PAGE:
ARE WE REALLY GETTING THE BEST OF THE WEB IF GOOGLE PRIORITIZES ITS SERVICES OVER OTHERS?
Adding Kelkoo and Shopzilla shopping searches where relevant — as Google has proposed in previous negotiations — might not improve on Google’s own results, but it gives the user visibility on what alternatives exist. This is a direct means for disciplining Google to stay competitive: a failure to find and provide the best prices cannot be masked by the comparative anonymity of specialized search engines. Any regulatory action would start from this basic premise of ensuring equal opportunity to be seen for both Google and its rivals.
The European Union doesn’t perceive Google as a villain so much as a clumsy giant that’s having deleterious effects on other web businesses. As Europe’s authorities seek to build a single digital market — one that includes a strong commitment to net neutrality— they see Google’s ability to manipulate search results and give preference to its own services as an imbalance to be corrected. It wouldn’t matter if Google controlled a small segment of web searches, but the company is the de facto search engine for the entire continent. The latest vote from Europe doesn’t compel Google to do anything, but its suggestion of "unbundling" search from other commercial services is certainly the most aggressive language we’ve yet heard, as it would dramatically undermine the nexus of Google’s profitability.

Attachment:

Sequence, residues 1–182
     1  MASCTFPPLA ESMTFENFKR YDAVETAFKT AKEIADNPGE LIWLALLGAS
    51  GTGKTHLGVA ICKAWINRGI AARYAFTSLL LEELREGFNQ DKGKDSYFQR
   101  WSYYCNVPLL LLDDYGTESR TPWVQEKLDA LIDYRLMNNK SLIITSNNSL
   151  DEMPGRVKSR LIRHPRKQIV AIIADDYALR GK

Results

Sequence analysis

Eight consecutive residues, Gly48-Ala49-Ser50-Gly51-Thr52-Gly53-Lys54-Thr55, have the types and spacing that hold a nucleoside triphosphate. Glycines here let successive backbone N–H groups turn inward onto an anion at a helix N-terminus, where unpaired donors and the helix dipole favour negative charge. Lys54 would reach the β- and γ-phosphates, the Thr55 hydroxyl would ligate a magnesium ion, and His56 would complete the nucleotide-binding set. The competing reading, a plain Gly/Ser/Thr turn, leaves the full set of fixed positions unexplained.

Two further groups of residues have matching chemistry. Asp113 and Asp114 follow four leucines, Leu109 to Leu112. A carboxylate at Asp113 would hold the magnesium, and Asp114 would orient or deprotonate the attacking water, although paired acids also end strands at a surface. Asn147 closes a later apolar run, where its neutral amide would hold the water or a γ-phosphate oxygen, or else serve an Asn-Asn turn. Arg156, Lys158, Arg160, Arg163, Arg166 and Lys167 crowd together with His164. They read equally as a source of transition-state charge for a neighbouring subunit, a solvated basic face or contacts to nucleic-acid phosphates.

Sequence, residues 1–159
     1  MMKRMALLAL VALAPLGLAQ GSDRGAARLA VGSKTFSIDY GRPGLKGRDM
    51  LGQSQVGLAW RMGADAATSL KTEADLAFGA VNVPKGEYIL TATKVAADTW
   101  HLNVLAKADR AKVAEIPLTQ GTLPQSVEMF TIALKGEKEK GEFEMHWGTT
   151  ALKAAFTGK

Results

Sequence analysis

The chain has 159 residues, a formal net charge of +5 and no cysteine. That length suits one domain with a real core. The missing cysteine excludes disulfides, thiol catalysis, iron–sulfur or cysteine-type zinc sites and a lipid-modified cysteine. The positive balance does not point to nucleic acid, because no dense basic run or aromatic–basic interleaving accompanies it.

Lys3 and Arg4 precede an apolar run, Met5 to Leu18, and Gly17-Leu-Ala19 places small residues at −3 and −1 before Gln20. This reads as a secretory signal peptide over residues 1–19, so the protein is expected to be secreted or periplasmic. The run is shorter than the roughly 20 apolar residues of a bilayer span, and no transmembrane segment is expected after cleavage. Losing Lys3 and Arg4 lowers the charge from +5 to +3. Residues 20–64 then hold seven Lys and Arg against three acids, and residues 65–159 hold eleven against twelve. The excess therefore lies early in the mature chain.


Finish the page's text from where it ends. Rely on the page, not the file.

TALK OF BREAKING UP THE COMPANY IS PREMATURE WHEN IT'S ACTIVELY NEGOTIATING
Unlike the Microsoft saga, an agreement between Europe and Google has been extremely close in the past and looks likely to come in the near future. It’s just a matter of deciding how many concessions Google will make to its competitors and how visible they will be. The Randian nightmare scenario of Google having to break up is unlikely to ever come to pass, but the company does need to change. If Google is to continue serving as the gateway through which most internet queries pass, it must be held to a standard of fairness that’s above and beyond that required of a private company.